The red fox is widespread and abundant in Connecticut. The population that exists today is made up of hybrids, a result of interbreeding between native red foxes and the European red fox, which was introduced into the eastern coastal areas of the United States in the mid-18th century. The native red fox was a boreal species that historically occurred in the northern regions of North America and at higher elevations (montane areas) in western areas. Foxes are members of the dog family, Canidae, just like domestic dogs and coyotes.
Red foxes occur over most of North America from Baffin Island, Canada, and Alaska to the southern United States, except for coastal western Canada, Oregon, and California, the Great Plains, the southwestern desert and the extreme southeastern United States.
The red fox is best identified by its reddish coat, black legs and ears, and long, white-tipped, bushy tail. It has an elongated muzzle, pointed ears, and a white underside. Other color phases are uncommon but include silver, black, and a cross, always with a white-tipped tail and dark feet. The tail is proportionally longer than the tail of a coyote and, when the fox is running, it is held horizontally behind the animal. Red foxes weigh between 7 and 15 pounds, averaging 10 to 11 pounds, and measure between 39 and 43 inches long, including the tail. Males are slightly heavier and generally larger than females.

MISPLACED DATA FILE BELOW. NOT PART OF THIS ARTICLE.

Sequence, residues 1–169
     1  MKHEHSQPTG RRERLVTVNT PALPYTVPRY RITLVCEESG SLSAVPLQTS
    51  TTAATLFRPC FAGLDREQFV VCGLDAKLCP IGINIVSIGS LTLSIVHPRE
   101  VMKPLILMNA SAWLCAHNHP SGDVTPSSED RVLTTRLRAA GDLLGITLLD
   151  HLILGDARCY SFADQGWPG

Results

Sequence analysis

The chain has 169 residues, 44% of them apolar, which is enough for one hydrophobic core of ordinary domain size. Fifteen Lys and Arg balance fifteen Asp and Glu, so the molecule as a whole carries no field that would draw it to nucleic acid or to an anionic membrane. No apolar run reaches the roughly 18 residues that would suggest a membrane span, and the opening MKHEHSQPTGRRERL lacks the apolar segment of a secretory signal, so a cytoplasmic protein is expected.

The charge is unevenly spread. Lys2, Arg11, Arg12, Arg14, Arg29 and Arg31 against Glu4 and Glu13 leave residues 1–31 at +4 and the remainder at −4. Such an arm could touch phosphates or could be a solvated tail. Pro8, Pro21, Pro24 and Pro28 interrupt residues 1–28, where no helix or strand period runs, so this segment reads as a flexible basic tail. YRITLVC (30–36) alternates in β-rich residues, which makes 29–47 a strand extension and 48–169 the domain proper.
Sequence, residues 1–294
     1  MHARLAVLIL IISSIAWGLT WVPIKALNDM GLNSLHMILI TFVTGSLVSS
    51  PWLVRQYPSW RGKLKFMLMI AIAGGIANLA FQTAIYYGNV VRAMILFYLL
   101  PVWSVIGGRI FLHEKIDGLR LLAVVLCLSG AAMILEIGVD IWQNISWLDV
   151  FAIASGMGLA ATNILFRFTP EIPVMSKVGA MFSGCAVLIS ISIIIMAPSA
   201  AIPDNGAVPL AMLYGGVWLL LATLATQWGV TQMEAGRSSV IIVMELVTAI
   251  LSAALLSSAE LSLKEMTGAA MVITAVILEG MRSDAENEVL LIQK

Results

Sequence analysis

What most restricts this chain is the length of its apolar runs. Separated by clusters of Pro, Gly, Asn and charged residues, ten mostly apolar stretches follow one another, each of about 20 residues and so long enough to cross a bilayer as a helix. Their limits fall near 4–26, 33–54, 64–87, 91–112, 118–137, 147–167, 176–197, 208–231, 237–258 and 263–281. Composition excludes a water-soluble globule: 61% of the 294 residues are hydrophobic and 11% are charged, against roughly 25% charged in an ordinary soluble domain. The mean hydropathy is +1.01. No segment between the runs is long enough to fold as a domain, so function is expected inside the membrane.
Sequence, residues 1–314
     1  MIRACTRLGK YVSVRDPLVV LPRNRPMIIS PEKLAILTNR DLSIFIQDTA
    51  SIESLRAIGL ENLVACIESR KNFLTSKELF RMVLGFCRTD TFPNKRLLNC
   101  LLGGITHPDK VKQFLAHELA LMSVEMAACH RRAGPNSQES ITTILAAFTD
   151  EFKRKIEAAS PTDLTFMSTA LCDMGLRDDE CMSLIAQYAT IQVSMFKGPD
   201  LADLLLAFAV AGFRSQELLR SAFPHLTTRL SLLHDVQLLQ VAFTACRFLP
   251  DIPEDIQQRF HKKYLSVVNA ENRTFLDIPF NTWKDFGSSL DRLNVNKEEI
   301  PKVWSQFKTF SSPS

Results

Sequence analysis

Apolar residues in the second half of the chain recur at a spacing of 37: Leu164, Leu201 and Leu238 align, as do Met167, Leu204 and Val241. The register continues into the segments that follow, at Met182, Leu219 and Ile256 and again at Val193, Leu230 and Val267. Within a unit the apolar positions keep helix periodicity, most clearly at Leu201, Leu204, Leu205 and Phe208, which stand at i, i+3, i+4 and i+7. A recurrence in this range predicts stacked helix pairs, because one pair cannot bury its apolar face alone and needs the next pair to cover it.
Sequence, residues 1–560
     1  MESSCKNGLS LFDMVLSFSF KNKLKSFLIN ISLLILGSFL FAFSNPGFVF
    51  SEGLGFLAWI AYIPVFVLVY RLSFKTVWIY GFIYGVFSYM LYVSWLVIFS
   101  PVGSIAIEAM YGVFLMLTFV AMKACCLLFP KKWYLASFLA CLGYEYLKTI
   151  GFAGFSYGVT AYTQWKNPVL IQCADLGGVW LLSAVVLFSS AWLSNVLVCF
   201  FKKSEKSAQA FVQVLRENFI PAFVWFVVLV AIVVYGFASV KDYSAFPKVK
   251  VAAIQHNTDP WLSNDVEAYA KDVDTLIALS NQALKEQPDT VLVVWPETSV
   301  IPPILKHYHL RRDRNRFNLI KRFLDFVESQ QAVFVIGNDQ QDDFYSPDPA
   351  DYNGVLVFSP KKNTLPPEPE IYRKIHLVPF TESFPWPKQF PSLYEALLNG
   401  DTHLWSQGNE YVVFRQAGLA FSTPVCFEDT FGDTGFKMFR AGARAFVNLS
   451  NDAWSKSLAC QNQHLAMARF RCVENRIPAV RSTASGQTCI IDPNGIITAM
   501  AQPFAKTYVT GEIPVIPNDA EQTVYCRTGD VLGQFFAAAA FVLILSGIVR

The gray fox, which also is found in Connecticut, is often confused with the red fox because of the rusty red fur on its ears, ruffs, and neck. Although somewhat similar in size, the gray fox has a gray coat, with a whitish belly, throat, and chest, and a shorter muzzle and ears. It also lacks the white-tip on the tail exhibited by the red fox.
Habitat and Diet
Red foxes prefer to inhabit a mixture of forest and open fields. They use the transition zone or "edge" between these habitats as hunting areas. Suburban and urban areas are commonly inhabited.
The red fox is an omnivore, meaning that it eats both plant and animal foods. Food items include small rodents, squirrels, woodchucks, rabbits, birds and eggs, amphibians, and reptiles. Foxes also will eat vegetation, fruits, nuts, insects, carrion, and garbage. Red foxes may partially bury, or cache, excess food, cover it with soil, grass, leaves, or snow, and mark it with urine.